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What’s driving up state workers’ retirements?

In 2010, 11,554 state workers hung up their ID badges and applied for retirement benefits from CalPERS, the state’s pension fund for the majority of rank and file workers.  
That’s up 23 percent from the 9,400 workers in the system who retired in 2009. And both those numbers are way up from 2007, when 7,778 workers applied for first-time benefits from CalPERs, and from 2008, when 7,895 workers retired in the system.

In other words, between 2007 and 2010, state worker retirements in the CalPERS system jumped a whopping 49 percent.

With the state desperately needing to find ways to save money, lots of people might think “good.” But others point out that many of those retiring are older, skilled workers who may be hard to replace — or who may come back and still work for the state as private contractors or retired annuitants, former state workers who come back and work up to 960 hours a year while simultaneously drawing their pensions. Cuts under the Arnold Schwarzenegger administration also cut into the number of retired annuitants who collected paychecks from the state.

These aren’t targeted layoffs, but workers with options who are voluntarily leaving. The reason, some say, is the pressure put on state workers in recent years – with pressure ranging from mere bad press to the financial strain of furloughs and salary cuts.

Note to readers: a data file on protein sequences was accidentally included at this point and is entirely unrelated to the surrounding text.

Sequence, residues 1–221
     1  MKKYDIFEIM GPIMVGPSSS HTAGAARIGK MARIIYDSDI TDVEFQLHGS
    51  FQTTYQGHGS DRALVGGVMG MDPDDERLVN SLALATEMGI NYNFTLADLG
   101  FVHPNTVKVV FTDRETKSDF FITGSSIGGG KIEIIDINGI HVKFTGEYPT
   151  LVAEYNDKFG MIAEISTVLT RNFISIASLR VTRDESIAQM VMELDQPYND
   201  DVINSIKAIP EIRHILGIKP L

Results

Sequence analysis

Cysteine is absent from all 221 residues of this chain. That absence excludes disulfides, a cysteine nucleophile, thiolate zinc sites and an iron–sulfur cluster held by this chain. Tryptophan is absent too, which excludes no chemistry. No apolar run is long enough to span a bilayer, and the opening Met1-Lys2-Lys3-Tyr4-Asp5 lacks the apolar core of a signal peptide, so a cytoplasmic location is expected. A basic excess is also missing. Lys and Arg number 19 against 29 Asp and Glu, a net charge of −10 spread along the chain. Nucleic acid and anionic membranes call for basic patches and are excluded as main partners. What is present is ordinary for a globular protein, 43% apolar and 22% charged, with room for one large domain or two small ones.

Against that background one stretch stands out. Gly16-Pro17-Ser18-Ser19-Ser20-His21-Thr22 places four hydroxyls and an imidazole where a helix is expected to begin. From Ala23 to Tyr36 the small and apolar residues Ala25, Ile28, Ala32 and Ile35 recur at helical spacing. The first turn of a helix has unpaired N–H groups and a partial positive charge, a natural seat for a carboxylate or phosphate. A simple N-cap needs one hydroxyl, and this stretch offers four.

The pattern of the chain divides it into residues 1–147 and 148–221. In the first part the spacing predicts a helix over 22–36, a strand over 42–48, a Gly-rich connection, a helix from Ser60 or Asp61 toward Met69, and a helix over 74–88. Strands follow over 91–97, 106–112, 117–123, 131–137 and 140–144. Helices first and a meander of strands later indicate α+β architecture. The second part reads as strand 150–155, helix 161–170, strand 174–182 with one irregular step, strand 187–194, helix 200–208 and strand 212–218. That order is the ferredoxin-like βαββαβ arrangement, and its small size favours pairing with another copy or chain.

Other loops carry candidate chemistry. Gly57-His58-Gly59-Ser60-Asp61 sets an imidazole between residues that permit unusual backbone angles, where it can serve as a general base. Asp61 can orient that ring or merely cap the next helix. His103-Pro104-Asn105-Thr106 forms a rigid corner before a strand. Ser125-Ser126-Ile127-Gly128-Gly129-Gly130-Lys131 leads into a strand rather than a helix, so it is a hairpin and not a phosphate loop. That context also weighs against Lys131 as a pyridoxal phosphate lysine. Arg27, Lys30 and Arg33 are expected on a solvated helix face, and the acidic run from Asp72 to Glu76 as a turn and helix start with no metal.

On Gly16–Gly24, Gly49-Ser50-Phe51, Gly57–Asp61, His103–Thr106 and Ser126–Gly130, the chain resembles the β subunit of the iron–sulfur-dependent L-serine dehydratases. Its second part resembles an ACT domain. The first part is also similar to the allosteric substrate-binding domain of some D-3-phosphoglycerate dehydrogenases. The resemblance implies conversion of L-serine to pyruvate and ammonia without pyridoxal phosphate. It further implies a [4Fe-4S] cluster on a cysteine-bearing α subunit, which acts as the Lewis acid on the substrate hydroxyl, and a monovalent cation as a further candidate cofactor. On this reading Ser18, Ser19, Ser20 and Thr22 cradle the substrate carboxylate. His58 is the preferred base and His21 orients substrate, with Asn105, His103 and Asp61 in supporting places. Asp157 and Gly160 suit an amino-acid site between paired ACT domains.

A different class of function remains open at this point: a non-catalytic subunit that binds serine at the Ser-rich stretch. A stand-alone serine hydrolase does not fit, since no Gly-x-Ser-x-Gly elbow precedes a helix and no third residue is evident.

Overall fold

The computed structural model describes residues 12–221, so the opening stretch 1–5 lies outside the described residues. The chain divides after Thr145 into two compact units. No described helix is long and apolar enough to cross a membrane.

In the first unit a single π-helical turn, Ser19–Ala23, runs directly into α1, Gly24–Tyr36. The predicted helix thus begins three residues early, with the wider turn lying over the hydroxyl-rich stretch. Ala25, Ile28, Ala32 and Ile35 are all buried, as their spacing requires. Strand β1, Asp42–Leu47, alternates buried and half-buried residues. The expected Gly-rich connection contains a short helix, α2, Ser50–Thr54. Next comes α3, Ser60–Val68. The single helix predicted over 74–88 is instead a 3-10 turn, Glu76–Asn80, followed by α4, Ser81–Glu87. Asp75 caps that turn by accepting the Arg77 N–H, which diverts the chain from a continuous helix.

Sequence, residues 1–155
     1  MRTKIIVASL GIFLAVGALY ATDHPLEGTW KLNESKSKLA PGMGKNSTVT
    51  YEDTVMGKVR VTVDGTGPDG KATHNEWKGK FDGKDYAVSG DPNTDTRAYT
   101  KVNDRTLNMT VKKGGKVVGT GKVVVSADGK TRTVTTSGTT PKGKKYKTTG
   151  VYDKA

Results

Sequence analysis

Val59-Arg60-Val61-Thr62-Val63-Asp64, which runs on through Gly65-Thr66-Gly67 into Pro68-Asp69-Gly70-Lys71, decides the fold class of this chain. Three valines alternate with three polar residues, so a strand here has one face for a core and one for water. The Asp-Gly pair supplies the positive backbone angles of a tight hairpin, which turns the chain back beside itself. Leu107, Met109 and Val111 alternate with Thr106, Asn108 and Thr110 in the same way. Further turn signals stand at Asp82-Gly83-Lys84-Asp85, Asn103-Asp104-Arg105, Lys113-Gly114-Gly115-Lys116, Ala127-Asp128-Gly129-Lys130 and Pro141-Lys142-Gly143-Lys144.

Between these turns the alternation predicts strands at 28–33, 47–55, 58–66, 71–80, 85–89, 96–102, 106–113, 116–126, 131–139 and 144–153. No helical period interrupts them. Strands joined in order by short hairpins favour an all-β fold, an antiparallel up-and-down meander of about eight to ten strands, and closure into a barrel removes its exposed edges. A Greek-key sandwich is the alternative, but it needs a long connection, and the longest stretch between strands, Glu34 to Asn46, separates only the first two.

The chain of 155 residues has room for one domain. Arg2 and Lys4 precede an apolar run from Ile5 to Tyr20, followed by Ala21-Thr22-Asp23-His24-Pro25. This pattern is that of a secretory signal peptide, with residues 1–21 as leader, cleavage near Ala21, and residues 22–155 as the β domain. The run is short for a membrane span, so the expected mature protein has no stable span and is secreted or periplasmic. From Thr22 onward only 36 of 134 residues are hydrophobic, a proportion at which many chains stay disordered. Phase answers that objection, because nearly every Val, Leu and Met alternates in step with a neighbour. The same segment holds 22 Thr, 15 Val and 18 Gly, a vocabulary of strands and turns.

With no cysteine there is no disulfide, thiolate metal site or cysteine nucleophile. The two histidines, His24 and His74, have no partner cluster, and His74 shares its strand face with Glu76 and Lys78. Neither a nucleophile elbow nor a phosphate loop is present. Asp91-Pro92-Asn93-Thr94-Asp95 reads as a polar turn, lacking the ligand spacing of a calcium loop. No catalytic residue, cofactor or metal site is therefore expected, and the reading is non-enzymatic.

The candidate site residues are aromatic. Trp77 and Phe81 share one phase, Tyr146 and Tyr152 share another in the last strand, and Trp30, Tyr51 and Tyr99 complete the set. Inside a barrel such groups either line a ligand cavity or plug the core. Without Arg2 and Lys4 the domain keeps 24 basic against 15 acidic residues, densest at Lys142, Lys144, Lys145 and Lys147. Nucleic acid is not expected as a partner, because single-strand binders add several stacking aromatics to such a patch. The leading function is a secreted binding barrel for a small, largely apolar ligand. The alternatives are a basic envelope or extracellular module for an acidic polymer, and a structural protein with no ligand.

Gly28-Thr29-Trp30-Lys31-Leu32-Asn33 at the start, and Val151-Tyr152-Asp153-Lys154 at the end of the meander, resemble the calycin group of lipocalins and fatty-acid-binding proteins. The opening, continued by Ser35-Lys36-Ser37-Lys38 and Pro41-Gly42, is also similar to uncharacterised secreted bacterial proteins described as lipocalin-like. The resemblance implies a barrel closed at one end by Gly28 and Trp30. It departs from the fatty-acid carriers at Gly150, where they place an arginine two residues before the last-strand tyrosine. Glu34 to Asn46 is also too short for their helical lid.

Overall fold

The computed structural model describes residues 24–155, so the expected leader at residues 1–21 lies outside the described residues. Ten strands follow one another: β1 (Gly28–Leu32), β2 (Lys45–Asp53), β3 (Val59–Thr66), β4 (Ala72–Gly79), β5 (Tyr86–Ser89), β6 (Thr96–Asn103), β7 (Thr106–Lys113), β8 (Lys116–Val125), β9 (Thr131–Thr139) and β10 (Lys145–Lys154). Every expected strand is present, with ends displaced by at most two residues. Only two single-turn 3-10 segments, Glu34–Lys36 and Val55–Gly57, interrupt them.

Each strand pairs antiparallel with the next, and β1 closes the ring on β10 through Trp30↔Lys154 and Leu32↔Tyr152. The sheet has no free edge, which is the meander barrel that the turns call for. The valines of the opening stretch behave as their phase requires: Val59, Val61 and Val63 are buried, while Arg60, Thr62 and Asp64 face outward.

“Maneuvering by politicians is creating a brain drain in the state workforce,” said Steve Maviglio, a former high-level Democratic staffer and now a political consultant heading his own firm, Forza Communications.

Maviglio is a spokesman for Californians for Retirement Security, a coalition of state workers’ groups that have been pushing back against allegations that it is state workers’ pay and benefits that are bankrupting the state.

One key area where this conversation is happening is around pensions. GOP legislators have been openly talking about moving state workers to the types of 401(k)/defined contribution plans that workers in the private sector often have — something Maviglio said is causing unease within the state workforce.